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oVertone IRL

Meet Our November Poster Artist Diego Medina

At oVertone, we are dedicated to using our platform and privilege within the beauty industry to advocate for marginalized communities. Some of the most marginalized communities throughout history are America’s own Indigenous tribes. That’s why we take the opportunity to donate to the Native American Rights Fund annually, which advocates for Native rights and preservation of tribal histories. This month, we’re also celebrating Native American heritage by spotlighting Indigenous artists. 

We couldn’t be more honored to work with Diego Medina, who created a phenomenally moving piece of art for our November poster. Diego Medina is an Indigenous artist, poet, prayer, and educator from Las Cruces, New Mexico. His family is one of the original Piro-Manso-Tiwa families from the historic Mesquite district.

Continue reading to learn more about Diego and what his artwork represents for both him and his community.

Name: Diego Medina

Current Location: Nambe, New Mexico

What inspired you to become an artist? When did you first start creating art?

I think it’s a very old relationship. I have been making art, and experiencing synaesthesia (which prompted expression) for as long as I can remember. I have two ancestors who were artists (that i know of): my great grandfather and my grandmother. and I see them as carriers of that breath I reference. I am so proud of them and grateful for them. My grandmother used to draw with me all the time when I was young. We would just sit and draw for hours, and I really must credit her for giving me the space to articulate my expression visually and for being the first artist I knew and looked up to. She was the first to bring that breath to me.

And since then I have been committed to that sacred relationship. I love the word “inspire” and how it invokes this sense of breath or breathing, because that is how we acknowledge blessing. Breathing is this sacred chain we have with all life and to be inspired is to be connected in blessing, to divine source, through living (through breathing). The source which inspires me is the source that breathed life into its enterprise of divine will. And choosing to align with that ancient holy intention is a special sanctity; a very loving relationship with yourself and that which has made you yourself.

When I make art, I feel simultaneously at my youngest and my oldest, and I think that’s significant. It shows how there is this temporal lemniscate of which we are passengers on the train figure-eighting through that course, experiencing and witnessing what is ancient in us and what is yet undiscovered. True inspiration is when that is reconciled. When the past and the future meet for a romance inside of you; meet to breathe together.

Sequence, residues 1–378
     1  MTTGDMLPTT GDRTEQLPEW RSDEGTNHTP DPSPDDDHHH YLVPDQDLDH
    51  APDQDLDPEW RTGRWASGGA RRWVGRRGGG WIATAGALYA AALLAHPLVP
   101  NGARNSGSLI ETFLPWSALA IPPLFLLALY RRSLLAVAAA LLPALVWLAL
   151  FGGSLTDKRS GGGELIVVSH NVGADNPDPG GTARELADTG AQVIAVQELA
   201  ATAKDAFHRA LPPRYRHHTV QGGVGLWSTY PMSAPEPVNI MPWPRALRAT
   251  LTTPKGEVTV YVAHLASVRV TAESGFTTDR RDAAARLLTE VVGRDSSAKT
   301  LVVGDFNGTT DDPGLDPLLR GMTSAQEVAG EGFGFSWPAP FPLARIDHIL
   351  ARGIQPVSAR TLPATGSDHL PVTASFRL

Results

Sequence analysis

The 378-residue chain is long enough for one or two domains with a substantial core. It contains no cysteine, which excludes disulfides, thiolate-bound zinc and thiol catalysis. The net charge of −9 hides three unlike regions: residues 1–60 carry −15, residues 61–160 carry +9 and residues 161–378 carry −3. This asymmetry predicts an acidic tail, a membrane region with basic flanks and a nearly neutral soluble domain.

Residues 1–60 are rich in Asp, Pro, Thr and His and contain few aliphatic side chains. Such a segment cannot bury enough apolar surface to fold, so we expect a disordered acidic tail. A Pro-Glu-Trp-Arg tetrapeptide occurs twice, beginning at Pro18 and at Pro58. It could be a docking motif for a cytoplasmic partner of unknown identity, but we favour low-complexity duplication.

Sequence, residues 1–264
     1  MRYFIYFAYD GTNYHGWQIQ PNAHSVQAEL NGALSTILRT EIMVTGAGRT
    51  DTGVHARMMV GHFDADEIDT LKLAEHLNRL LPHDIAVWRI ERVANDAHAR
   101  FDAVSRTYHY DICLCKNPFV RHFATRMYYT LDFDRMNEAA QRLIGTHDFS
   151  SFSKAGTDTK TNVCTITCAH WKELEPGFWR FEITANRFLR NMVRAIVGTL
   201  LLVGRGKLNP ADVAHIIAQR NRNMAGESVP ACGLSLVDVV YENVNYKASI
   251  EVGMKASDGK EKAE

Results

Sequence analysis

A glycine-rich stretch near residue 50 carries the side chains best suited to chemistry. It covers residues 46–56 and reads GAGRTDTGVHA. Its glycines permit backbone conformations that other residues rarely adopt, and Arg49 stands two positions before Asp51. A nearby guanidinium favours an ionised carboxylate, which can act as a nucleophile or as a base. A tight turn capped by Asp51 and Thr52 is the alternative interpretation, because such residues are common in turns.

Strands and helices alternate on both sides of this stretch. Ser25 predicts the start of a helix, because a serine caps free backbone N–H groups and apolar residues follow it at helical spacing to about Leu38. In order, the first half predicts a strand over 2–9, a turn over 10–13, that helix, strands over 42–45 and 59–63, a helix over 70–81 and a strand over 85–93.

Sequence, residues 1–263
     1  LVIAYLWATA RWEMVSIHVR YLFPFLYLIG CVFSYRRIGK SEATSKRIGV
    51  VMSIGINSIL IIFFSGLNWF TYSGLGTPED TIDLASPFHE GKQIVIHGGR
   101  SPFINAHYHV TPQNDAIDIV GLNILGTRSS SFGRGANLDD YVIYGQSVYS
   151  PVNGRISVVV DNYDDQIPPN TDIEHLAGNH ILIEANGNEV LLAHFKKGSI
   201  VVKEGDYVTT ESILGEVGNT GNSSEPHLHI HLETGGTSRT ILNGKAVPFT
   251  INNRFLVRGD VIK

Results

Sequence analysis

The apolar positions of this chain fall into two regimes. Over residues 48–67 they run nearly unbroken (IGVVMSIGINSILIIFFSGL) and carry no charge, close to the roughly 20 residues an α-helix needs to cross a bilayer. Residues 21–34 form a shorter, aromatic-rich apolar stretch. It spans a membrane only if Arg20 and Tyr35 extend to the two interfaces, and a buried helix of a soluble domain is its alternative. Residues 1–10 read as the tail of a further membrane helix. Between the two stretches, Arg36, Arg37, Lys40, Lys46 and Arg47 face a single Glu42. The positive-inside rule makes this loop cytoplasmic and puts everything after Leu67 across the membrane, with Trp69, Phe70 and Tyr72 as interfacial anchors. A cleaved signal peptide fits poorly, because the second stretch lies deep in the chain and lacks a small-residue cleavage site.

What does November’s poster artwork represent to you? How does it represent Native American Heritage Month?

Braiding hair is like weaving to me in that they both bring things together, using active geometry, to create patterns that reflect what is inherently divine, both in us and within the entire universe. woven patterns bring tangible, visual form to the disembodied patterns of unfolding ever-fluorescent creation. And braiding is a way of taking our hair, a literal extension of ourselves and our senses, and styling it in a manner that organizes it similar to an act of prayer. Braiding hair is a very ancient way of activating prayer in the physical body. In this artwork, I wanted to tie it together (braid together?) these two symbols that speak to this prayerful relationship.

Then I tied in the metaphor of corn, being a symbol of life and cultural prosperity, and visually linking it to the act of braiding to show how these divine reflections are mirrored in other aspects of culture and sacred lifeways. Corn is also a braided thing, a woven thing, and it’s one that nature does on its own, and it reminds us that we too are nature constantly in reflection of the divine, so long as we move in a place of prayerful conscious will. Putting all of this into this image is how I want to represent Native American Heritage Month because it shows the depth of beauty, intelligence, and divine intention Indigenous people carry, and have carried.

I not only wanted to engage traditional imagery, but also show how this relationship through imagery is a contemporary reality and a future obligation. I also love fairies and I wanted to draw a cute fairy to reclaim spaces of cuteness that aren’t always afforded to Indigenous people, or Black people, or undocumented people, or people with different abilities, or queer people, and so on. Magic and wholesomeness are indigenous qualities. And a re-indigenized world will be one wherein magic brings forth the redemption of the earth and cute wholesomeness is a community value.